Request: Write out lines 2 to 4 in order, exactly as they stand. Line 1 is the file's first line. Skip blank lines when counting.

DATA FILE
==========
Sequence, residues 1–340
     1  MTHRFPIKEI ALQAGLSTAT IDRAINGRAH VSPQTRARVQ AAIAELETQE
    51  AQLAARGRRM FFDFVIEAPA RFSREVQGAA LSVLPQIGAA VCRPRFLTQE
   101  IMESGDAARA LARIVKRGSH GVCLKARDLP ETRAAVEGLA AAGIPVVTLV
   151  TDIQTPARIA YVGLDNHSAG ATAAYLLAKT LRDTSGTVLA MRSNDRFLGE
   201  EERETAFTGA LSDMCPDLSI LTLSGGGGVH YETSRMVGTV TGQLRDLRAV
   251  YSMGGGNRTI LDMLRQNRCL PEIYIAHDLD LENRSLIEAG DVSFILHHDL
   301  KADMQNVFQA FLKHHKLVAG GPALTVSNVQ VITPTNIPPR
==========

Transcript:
     1  MTHRFPIKEI ALQAGLSTAT IDRAINGRAH VSPQTRARVQ AAIAELETQE
    51  AQLAARGRRM FFDFVIEAPA RFSREVQGAA LSVLPQIGAA VCRPRFLTQE
   101  IMESGDAARA LARIVKRGSH GVCLKARDLP ETRAAVEGLA AAGIPVVTLV